Vladimir Alexandrov

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This article is about the physicist. For the bobsledder, see Vladimir Aleksandrov.

Vladimir Valentinovich Alexandrov (Russian: Владимир Валентинович Александров; born 1938; disappeared 1985) was a Russian physicist who created a mathematical model for the nuclear winter theory. He disappeared while at a nuclear winter conference in Madrid and his ultimate fate remains unknown.

Research[edit]

According to a FBI white paper Alexandrov was a mathematician specializing in computer sciences. In 1976 he was directed to shift his research from gas dynamics and plasma mechanics to climatology. He was sent to USA under a research exchange agreement, and studied at the NCAR in 1978, 1980 and 1982. In 1983 he was directed by Evgeny Velikhov to work on nuclear winter scenarios heading an ad hoc group of 20 scientists.[1]

A pioneer in global climate modelling, he presented a mathematical solution to baroclinicity in 1982.[2] The following year, with G.I. Stenchikov, he used the model to calculate the consequences of nuclear war[3] and the prospects of nuclear winter. Richard P. Turco, a major figure in the development of the nuclear winter scenario, described Alexandrov and Stenchikov's model as "a very weak piece of work" and "a primitive rendition of an obsolete US model."[4]

Disappearance[edit]

How Alexandrov disappeared and what happened to him afterward remains unknown,[4][5][6][7][8] but several theories have been put forward. According to an article in the newsmagazine Time in October 1985, "The mystery of his disappearance has been compounded by the suspicions of some Western scientists that the nuclear winter scenario was promoted by Moscow to give antinuclear groups in the U.S. and Europe some fresh ammunition against America's arms buildup. Conspiracy theorists speculate that Alexandrov was planning to renounce the nuclear winter concept and may have been kidnapped by the KGB. According to another theory, the physicist defected to the West."[9] A. Levakov suggests that his work on nuclear winter was as embarrassing to the Soviet Union as it was to the USA.[10] According to the Mitrokhin Archive, during a conference in 1987 the head of the KGB's First Chief Directorate Vladimir Kryuchkov accused the CIA's Deputy Director Robert Gates of kidnapping Alexandrov and holding him against his will.[citation needed] Andrew Revkin assumes that he was a spy; it was never clear whether for the USSR, USA, or both.[11]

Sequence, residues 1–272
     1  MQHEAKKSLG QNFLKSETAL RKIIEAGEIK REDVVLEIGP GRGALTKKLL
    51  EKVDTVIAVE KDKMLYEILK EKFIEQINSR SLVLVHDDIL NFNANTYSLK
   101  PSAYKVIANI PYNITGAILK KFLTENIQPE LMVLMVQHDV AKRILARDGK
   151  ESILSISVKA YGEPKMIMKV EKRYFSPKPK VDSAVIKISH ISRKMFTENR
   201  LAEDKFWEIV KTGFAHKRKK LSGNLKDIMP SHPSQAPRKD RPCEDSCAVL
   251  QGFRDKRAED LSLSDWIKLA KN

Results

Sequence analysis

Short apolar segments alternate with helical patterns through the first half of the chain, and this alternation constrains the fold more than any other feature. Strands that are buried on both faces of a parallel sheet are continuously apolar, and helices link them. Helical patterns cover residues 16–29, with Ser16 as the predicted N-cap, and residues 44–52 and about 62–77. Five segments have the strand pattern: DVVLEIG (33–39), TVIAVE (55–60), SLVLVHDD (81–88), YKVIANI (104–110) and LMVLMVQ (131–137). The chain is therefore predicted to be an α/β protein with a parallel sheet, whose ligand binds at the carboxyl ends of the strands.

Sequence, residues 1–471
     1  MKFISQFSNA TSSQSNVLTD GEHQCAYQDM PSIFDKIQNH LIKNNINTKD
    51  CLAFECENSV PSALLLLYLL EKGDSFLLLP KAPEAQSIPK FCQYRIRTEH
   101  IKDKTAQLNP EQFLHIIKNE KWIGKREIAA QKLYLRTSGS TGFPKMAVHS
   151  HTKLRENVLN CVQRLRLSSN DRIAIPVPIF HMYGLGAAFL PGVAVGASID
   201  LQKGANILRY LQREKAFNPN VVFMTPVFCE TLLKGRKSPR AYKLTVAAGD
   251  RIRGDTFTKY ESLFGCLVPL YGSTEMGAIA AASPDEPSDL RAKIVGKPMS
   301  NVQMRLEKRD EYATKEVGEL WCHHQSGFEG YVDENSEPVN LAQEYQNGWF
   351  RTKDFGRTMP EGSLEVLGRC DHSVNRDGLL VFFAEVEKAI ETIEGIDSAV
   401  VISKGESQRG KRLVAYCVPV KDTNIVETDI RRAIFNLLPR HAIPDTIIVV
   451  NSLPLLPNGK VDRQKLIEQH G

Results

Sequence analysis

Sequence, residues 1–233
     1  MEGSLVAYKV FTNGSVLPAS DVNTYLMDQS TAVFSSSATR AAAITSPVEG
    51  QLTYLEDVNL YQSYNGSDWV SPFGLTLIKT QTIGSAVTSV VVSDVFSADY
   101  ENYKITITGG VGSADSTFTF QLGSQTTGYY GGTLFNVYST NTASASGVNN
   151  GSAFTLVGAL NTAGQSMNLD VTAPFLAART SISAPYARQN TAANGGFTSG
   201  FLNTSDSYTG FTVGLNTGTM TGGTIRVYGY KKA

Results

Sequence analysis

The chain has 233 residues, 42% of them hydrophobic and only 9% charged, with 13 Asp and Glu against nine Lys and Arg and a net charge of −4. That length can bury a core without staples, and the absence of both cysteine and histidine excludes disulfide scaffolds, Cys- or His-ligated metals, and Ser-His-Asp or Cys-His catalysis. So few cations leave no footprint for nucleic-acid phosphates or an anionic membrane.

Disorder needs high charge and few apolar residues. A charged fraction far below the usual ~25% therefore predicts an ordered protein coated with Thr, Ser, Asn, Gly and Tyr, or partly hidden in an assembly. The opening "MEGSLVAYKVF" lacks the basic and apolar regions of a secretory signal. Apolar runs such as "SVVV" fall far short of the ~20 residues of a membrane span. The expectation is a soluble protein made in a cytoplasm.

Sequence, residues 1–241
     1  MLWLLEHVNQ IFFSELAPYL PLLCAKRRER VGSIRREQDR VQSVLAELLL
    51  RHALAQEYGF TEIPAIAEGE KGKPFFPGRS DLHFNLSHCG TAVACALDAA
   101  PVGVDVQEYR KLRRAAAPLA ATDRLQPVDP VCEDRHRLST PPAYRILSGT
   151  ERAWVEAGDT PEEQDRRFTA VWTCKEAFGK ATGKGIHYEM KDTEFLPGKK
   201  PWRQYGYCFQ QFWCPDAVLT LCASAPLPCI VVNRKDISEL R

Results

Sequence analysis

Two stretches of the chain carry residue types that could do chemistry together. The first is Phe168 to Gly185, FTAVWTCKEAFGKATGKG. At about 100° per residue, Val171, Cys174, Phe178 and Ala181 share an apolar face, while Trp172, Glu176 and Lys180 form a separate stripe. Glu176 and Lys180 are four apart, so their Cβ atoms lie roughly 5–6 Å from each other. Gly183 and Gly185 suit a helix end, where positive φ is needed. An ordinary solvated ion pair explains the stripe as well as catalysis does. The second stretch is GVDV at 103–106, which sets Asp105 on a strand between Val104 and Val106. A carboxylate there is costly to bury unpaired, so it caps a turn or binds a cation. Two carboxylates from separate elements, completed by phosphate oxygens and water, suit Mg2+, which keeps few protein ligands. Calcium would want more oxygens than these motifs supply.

References[edit]

  1. ^ Interagency Intelligence Assessment (1984): The Soviet Approach to Nuclear Winter, page 10-11
  2. ^ Alexandrov, V. V. 1982. A general atmospheric circulation model with baroclinic arrangement. Rep. Acad. Sci. USSR 265(5):1094-1097.
  3. ^ Alexandrov, V. V. and G. I. Stenchikov (1983): "On the modeling of the climatic consequences of the nuclear war" The Proceeding of Appl. Mathematics, 21 p., The Computing Center of the AS USSR, Moscow.
  4. ^ a b Laurence Badash, A Nuclear Winter's Tale, Massachusetts Institute of Technology, 2009
  5. ^ Vera Rich, “Nuclear winter expert vanishes without trace,” Nature, Vol. 316, 4 July 1985, 3
  6. ^ Vera Rich, “Aleksandrov still not found,” Nature, Vol. 316, 8 August 1985, 479
  7. ^ Tim Beardsley, “Soviet missing person,” Nature, Vol. 317, 19 September 1985, 191
  8. ^ I. Andronov, "Where is Vladimir Aleksandrov?", Literaturnaya Gazeta, n.30, 23 July 1986
  9. ^ A 1985 Time magazine account of Alexandrov's disappearance
  10. ^ A. Levakov, "Supercomputer Technology and Projects in the U.S.", Jet Info online, No.12 (115)/2002 (In Russian)
  11. ^ http://www.edge.org/documents/schneider10/schneider10.html